I want to hide… Literally just want to get under the covers, ball up like a baby and hide. Why? Because of this feeling of rejection—and how I chose to respond to it. Disclaimer: This post is going to share my flawed reactions to a recent male friend’s choice to be in a relationship with someone else. No details about his identity will be revealed because, well, that just wouldn’t be fair.
If you’ve been following the blog for awhile, you probably remember the following quote:
Posted in January of this year, the photo reached just shy of 2,600 individuals and sparked 41 profile visits on Instagram. Cool, right?
Well, it probably would’ve been dope—if I actually would’ve taken my own advice. You see, I entangled myself intimately again (this time, building what I thought was a stronger friendship) with the same man this post was about just three months AFTER I wrote about being content with us not being in a relationship.
Now, let me be honest this time around, I have not really been self-aware these past few months. I thought that I could be intimate with him and not catch feelings. Honey, I had it mapped out so clearly in my head.
…Until, we started acting like real friends toward each other. Because of this new pattern of interactions, my feelings grew exponentially faster than his did. When I realized he had become interested in someone else, again lacking self-awareness, I thought “okay, cool, we can still just be friends.”
Big pause here: Show of hands. How many of you think I was ready for us to just be friends?!
Seriously, what was I thinking?! Deep down, I knew I wanted more from the beginning and should have been honest with myself enough to create boundaries to let him know that as well.
But that wasn’t the choice I made. So when he decided that he did NOT want a relationship with me again—one would likely think: Oh, she knew it could end this way. She’ll be fine.
I did know that it could end this way and yes, because I’m an adult who made the choices I made, I SHOULDA been fine with his decision. But, for the sake of my own personal growth, let me tell you why I wasn’t:
I do not handle rejection well.
…There I said it.
I’m honestly just not used to it. I was one of the top students in school all throughout my life. Got rewarded left and right for my intelligence, work ethic, and ability to help others. I was popular in college and am still very much the person everyone has a good time around. Other guys are vying for my attention. So why wouldn’t he want to be in a relationship with me?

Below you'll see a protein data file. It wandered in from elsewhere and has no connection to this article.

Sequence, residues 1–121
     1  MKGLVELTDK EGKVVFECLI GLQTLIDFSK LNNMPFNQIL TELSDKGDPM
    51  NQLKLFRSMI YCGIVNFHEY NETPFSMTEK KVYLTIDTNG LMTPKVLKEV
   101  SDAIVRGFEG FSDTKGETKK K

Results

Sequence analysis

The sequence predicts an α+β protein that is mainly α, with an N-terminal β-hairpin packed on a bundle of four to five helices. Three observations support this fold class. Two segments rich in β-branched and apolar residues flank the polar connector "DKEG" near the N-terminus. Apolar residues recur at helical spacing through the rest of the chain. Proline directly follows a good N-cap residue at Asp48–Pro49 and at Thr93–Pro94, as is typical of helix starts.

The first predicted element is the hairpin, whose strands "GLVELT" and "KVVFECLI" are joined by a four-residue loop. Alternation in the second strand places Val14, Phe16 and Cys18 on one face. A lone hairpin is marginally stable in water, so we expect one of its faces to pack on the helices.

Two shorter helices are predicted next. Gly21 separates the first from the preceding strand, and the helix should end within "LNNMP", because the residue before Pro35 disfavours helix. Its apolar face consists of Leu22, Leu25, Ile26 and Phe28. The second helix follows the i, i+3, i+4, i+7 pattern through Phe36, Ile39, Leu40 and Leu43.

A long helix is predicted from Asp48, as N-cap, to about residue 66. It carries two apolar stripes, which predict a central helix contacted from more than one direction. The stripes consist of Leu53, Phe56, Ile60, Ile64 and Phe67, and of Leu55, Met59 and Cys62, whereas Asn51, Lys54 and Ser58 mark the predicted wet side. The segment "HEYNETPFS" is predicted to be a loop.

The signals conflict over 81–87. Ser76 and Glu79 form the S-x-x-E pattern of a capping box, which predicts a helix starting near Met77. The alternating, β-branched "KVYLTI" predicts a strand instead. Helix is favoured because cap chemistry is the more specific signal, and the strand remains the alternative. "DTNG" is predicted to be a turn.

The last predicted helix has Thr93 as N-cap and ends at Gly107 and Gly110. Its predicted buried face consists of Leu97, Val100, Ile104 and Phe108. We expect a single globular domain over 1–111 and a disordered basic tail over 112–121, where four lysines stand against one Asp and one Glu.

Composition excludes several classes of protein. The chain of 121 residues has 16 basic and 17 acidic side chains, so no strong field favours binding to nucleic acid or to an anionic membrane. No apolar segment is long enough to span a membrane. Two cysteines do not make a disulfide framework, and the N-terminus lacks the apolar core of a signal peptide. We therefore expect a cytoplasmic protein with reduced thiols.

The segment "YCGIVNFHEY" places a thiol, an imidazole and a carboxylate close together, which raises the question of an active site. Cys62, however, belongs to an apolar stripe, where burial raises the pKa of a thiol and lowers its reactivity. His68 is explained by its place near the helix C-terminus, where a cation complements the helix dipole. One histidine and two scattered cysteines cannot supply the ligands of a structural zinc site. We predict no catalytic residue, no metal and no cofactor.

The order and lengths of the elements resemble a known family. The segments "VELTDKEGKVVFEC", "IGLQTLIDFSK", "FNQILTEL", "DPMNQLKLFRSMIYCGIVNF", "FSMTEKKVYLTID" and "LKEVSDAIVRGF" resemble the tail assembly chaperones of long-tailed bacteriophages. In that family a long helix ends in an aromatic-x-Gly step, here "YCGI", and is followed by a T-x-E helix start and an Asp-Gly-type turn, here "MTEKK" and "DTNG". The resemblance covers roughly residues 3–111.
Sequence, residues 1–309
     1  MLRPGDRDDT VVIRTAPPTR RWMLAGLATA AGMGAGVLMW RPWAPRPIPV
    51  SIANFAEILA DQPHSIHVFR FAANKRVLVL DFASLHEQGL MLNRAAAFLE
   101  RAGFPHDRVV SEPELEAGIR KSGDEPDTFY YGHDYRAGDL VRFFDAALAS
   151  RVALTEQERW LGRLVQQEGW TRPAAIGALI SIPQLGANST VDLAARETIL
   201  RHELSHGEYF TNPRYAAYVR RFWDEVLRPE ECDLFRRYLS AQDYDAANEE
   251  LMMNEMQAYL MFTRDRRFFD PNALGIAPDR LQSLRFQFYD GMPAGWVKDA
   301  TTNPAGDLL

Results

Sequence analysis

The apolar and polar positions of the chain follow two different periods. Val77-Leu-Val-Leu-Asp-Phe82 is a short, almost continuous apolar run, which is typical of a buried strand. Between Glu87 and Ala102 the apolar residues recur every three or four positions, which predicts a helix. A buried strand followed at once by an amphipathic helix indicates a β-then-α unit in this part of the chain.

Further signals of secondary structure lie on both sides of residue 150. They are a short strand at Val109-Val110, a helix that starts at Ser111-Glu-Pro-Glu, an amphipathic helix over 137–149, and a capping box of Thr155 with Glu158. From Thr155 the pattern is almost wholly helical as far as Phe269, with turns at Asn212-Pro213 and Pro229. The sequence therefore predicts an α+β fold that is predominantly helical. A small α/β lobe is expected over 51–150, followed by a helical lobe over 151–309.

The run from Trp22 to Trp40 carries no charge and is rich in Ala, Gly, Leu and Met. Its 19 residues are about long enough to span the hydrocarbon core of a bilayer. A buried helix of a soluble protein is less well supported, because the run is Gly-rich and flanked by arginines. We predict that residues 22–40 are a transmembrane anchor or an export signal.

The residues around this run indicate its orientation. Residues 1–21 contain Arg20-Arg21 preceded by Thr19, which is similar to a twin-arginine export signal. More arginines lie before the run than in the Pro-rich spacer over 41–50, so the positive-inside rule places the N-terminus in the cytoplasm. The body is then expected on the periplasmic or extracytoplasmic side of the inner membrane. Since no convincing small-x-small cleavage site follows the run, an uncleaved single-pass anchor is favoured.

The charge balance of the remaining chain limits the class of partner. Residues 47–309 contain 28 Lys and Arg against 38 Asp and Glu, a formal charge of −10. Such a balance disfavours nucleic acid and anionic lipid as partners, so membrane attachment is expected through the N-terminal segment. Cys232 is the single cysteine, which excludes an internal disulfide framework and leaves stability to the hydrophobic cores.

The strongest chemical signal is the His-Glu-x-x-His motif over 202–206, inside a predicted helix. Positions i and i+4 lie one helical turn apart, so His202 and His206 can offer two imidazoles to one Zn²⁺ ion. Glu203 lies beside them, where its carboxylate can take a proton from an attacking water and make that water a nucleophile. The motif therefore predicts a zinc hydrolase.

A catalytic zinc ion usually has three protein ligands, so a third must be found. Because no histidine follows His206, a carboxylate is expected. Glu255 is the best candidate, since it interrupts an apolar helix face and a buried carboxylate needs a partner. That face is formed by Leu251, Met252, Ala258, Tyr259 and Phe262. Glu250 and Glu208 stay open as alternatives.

That was the million dollar question that I didn’t realize I was even struggling with this time around. When I say struggle… it took TWO good friends to sit me down on TWO separate occasions over the course of this past week for me to realize that I have been giving this man hell over a choice he FULLY has the right to make. (Note: 🥴🤦🏾♀️ is how I feel admitting to this and realizing I’ve been acting like crazy person. I’m supposed to be cooler than this.🙄)
Last Friday, without knowing about my situation, one of my best guy friends was venting to me about a woman he’s been involved with recently. Hearing his feelings about her actions confirmed that I had been irrational with my expectations of the man I was only intimately involved with. So, it was then that I decided that I was over it. At least, that’s what I thought.
Then, yesterday, after sending a text to the man that explained how I felt—about him not choosing me—I called another good friend for validation when he told me I was wrong. How could he say my feelings were wrong? But, because my circle keeps it very real with me: she told me I was DEADASS WRONG for some of the things I said to him. Ultimately, I apologized to him because of that conversation and her ability to help me see a different perspective.
So this morning when I get another like on the Instagram post above, I realized that this feels terrible because I’m not used to feeling “rejected.” I wanted something from him that he didn’t want from me. Hence, the REJECTION.
If I was more self-aware or problem-solving this for one if my own friends, my advice would be that:
1) I could have chosen to not fool around with this man.
2) I could have been real with myself—and chosen to correct my attitude toward our time together.
3) We were just two people making decisions about what we wanted in the heat of each moment.
4) Despite how much you disagree with their choices, you don’t always deserve an apology.
5) Sex and friendship does not equal a relationship.
Everyone has choices to make in life and we’re not always going to like what other people decide. These past few weeks have helped me to become more aware of my own choices and although I still feel bad for how I was treated and how I decided to react toward the man, I’m thankful that this experience has granted me insight. Next time, I know to be more upfront with myself.
How do you know when you’re not acting like yourself? Have you had an experience that caused you to act differently than you normally would act? What lessons did you learn about self-awareness? Full disclosure: I’m still learning and your comments may help me grow!